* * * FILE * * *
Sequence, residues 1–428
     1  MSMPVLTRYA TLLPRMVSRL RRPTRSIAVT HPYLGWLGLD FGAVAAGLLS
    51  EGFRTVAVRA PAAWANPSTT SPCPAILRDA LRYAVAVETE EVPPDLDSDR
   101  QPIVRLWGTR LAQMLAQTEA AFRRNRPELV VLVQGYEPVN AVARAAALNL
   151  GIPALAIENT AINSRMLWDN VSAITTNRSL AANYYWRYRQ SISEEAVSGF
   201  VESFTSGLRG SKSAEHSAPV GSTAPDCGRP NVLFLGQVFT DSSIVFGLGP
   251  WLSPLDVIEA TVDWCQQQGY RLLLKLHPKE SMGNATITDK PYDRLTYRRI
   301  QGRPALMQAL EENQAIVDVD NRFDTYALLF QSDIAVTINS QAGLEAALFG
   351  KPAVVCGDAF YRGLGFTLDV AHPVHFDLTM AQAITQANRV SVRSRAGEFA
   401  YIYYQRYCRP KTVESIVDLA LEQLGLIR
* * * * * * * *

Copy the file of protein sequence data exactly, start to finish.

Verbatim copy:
Sequence, residues 1–428
     1  MSMPVLTRYA TLLPRMVSRL RRPTRSIAVT HPYLGWLGLD FGAVAAGLLS
    51  EGFRTVAVRA PAAWANPSTT SPCPAILRDA LRYAVAVETE EVPPDLDSDR
   101  QPIVRLWGTR LAQMLAQTEA AFRRNRPELV VLVQGYEPVN AVARAAALNL
   151  GIPALAIENT AINSRMLWDN VSAITTNRSL AANYYWRYRQ SISEEAVSGF
   201  VESFTSGLRG SKSAEHSAPV GSTAPDCGRP NVLFLGQVFT DSSIVFGLGP
   251  WLSPLDVIEA TVDWCQQQGY RLLLKLHPKE SMGNATITDK PYDRLTYRRI
   301  QGRPALMQAL EENQAIVDVD NRFDTYALLF QSDIAVTINS QAGLEAALFG
   351  KPAVVCGDAF YRGLGFTLDV AHPVHFDLTM AQAITQANRV SVRSRAGEFA
   401  YIYYQRYCRP KTVESIVDLA LEQLGLIR